SAF-T – What’s Next?

Kelsey O'Gorman
November 20, 2020

We last reviewed the SAF-T global situation over a year ago, and in that time there have been many changes and proposals especially across the EU. Let’s look at what’s changed since then, as well as what to expect over the next year or two.

A refresher

What is SAF-T?

The Standard Audit File for Tax (SAF-T) concept was introduced back in 2005 by the Organisation for Economic Co-operation and Development (OECD) with the goal of providing auditors access to reliable accounting data in an easily readable format. This goal is achieved, in part, by allowing companies to export information from their accounting systems (invoices, payments, general ledger journals and master files). In turn, audits should be more efficient and effective based on the standarised format set by the OECD. Though minor, a wrinkle exists in the fact that countries may require a different format in which the data is to be captured, which therefore may mean that no two country implementations of SAF-T are exactly the same.

What’s new in 2020?


The biggest player in the field of SAF-T is now Poland. First introduced in 2016 for large taxpayers, SAF-T has certainly evolved over the years. Starting 1 October 2020, all taxpayers must submit JPK_V7M/K which replaces the previously filed JPK_VAT and periodic VAT returns. This new requirement includes a declaration portion, which corresponds to the no longer submitted VAT return and a records portion, which represents the no longer submitted JPK_VAT portion.

The largest change to taxpayers who had previously submitted JPK_VAT is the introduction of commodity group codes (also known as GTUs). Taxpayers must now designate specific fraud vulnerable transactions with relevant GTU codes on invoices. Additionally, Poland requires certain other transactions to be flagged with invoice markers including transactions between related parties and split payment transactions.

Poland is the first country to entirely replace the VAT return with a SAF-T file requirement. Other countries will certainly take note of whether this requirement curbs VAT fraud and reduces the VAT gap.


After announcing intentions to implement SAF-T, there has yet to be any official guidance released from Romania as to how or when this will take effect. Recent reports indicate that the Romanian National Agency for Fiscal Administration (ANAF) has plans to begin the pilot phase of SAF-T filing sometime in 2021, though the ANAF has not confirmed any new timelines. Taxpayers should certainly monitor for additional information on implementation in Romania.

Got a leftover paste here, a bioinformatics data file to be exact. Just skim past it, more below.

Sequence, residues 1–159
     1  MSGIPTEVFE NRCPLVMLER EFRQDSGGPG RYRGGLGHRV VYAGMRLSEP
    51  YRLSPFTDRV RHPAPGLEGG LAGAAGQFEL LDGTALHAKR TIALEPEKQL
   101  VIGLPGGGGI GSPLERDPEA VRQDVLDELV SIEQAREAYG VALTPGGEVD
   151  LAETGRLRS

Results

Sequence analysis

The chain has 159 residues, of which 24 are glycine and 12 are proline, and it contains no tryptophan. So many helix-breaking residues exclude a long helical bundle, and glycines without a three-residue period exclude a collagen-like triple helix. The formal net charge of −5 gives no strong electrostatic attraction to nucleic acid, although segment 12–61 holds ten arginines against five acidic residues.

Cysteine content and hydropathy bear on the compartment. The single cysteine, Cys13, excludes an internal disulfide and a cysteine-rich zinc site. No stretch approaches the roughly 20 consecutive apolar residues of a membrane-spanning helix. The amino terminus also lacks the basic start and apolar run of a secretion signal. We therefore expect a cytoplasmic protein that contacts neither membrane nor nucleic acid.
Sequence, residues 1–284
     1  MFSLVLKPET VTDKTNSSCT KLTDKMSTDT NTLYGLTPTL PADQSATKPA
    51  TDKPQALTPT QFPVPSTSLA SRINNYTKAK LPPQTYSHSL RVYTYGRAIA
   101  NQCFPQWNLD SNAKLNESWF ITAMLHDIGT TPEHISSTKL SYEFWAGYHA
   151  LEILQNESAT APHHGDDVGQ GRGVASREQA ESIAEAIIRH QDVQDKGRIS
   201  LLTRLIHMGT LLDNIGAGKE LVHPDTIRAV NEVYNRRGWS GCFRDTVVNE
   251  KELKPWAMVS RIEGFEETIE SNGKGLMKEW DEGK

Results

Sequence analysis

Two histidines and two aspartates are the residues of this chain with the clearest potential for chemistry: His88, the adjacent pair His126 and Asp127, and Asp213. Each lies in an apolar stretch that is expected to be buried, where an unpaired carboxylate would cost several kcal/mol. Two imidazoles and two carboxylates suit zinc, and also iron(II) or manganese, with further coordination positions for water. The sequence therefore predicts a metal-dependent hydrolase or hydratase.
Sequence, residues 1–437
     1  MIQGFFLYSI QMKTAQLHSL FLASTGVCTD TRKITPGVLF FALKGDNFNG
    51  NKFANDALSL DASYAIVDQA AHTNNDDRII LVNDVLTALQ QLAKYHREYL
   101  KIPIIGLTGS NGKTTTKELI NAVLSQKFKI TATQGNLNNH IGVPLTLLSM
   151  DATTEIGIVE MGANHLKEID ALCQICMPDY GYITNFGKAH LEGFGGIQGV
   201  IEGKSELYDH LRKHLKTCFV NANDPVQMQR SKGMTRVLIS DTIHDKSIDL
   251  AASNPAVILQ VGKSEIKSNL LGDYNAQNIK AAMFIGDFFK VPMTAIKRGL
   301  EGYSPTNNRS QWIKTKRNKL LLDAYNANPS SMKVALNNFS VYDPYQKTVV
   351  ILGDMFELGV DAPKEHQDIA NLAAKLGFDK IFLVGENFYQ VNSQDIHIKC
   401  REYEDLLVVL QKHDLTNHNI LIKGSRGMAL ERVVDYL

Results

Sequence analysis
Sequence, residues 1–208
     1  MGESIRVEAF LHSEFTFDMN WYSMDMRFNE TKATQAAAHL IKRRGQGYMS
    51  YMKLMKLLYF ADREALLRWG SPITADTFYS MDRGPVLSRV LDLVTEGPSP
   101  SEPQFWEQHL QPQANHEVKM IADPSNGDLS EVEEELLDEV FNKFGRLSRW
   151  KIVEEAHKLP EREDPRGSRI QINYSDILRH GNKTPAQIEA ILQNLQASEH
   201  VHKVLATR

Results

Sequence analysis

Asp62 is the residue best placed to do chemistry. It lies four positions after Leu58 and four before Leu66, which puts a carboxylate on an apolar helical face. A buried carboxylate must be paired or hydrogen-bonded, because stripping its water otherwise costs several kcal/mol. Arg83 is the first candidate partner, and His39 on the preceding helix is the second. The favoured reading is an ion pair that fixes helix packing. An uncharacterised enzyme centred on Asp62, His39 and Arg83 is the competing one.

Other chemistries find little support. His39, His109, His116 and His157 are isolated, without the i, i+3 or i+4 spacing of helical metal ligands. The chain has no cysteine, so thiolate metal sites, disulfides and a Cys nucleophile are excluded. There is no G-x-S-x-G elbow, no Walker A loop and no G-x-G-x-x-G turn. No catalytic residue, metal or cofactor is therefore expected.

Hungary is another country which targeted 2021 as a SAF-T requirement effective date. Announced late last year, the National Tax and Customs Authority (NAV) launched a pilot project to introduce SAF-T in addition to Hungary’s current real-time reporting requirement. This was originally slated with a 1 January 2021 effective date, though the public consultation document on the NAV website still allows for comments until 1 January. Though no official announcement from NAV yet, it’s expected that this date will be pushed out further into late 2021 or early 2022.

As governments globally continue to introduce measures to increase tax efficiency and reduce VAT gaps, businesses need to ensure that their processes and systems can comply. As can be seen from the measures above, SAF-T provides tax authorities with access to reliable accounting data in an easily readable format and SAF-T and remains effective and popular in the fight against VAT fraud and evasion.

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Kelsey O'Gorman

Kelsey O’Gorman is a Regulatory Counsel at Sovos. Within Sovos’ Regulatory Analysis function, Kelsey focuses on global sales tax and VAT issues, supporting both the tax determination and reporting engines. Kelsey received her B.A. in Psychology from University at Buffalo and her J.D. from Roger Williams University School of Law. She is a member of the Massachusetts Bar.
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